As the broader healthcare industry recovers from the global COVID-19 pandemic, the senior living and long-term care industry is facing multiple challenges within the market. This segment of healthcare has undergone a rapid evolution that has changed the delivery of services to the aging population. During our recent FORVIS Healthcare Symposium, an entire learning track was dedicated to important considerations for the sustainability of the senior living and long-term care industry. Here are some of the key takeaways.
While not unique within healthcare, staffing challenges and workforce maintenance have become significant challenges within senior care. At the core of this issue is unaddressed burnout, where we see both clinicians and support staff still burdened from pandemic burnout, workforce shortages, and an increase in union activity. To make matters more difficult, competitive compensation, benefits, and flexible work arrangements have now become necessary to maintain the workforce. This profound change in wage-related economics cannot be sustained by the current reimbursement systems within the long-term care industry which is predominantly subsidized by third-party government payor. To maintain workforce capacity, there has to be a strategic change in third-party payment methodologies relative to caring for our aging population.
Continuum of Care Partnerships
Provider partnerships across the continuum of care are essential for care coordination and post-hospital care delivery. When deployed effectively, these partnerships have a positive impact on patient outcomes, patient experience, and overall operational efficiency. It is therefore crucial to implement processes that promote clear communication with both patients and providers. This involves choosing the appropriate setting for post-acute care, identifying strategic partners and referral sources, and maintaining accountability to providers across the continuum of care—all of which benefit both providers and patients.
Service Delivery Models
Enhancing service delivery in senior living and long-term care facilities will include a wide array of technological and strategic solutions, including automation, care mapping, use of clinical expertise, improved staffing models, better engagement, and improved care integration. Given the increasing demand for diverse and specialized services, post-acute organizations must utilize the newest technologies and creative solutions to deliver high-quality care.
Skilled nursing facilities (SNFs) play a vital role in the care continuum. Traditional Medicare has taken measures to add new value-based quality metrics aimed at reducing readmission rates, which disincentivizes facilities with continuous unfavorable healthcare outcomes. Other payor sources are quickly adopting similar outcomes-based metrics as a component of reimbursement. SNFs will need to consider how to balance their experience with traditional fee-for-service payment methodologies with evolving value-based care models.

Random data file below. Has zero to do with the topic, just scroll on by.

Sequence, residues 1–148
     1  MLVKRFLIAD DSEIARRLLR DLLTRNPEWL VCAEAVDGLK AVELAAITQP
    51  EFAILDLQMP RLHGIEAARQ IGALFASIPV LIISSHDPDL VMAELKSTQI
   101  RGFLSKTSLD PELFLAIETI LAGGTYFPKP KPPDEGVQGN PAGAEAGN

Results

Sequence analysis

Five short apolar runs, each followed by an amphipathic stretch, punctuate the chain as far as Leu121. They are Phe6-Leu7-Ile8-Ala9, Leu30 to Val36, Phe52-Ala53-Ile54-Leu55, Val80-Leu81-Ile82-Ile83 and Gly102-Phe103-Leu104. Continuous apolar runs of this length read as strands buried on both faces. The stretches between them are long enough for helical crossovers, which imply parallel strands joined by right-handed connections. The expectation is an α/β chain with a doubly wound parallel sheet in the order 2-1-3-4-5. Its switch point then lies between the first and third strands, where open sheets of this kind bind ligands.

Home-Based Versus Institutional
Home and community-based service providers, i.e., Medicare certified Home Health Agencies, Personal Care Service providers, and Non-Medical Home Care, continue to be a focus as alternative options for the care delivery of our senior population. However, the use of home and community-based services as an alternative to institutional care comes with challenges. Like so many other healthcare providers, these home- and community-based providers also have individualized concerns such as maintaining their workforce, balancing increased acuity, case management, and improving the quality of services and outcomes. The near-term growth of the senior population will create an increased demand for home-based services, and this provider niche will have to position itself to be ready for this demand.
There is no question that the COVID-19 global pandemic has had a tremendous effect on senior living and long-term care providers. However, the pandemic has created a sense of urgency that has challenged these providers to become more innovative with operations and care delivery. To remain successful in the long term, senior living and long-term care organizations will have to continue embracing these challenges. The aging population of our country depends on the longevity of our senior living and long-term care providers.
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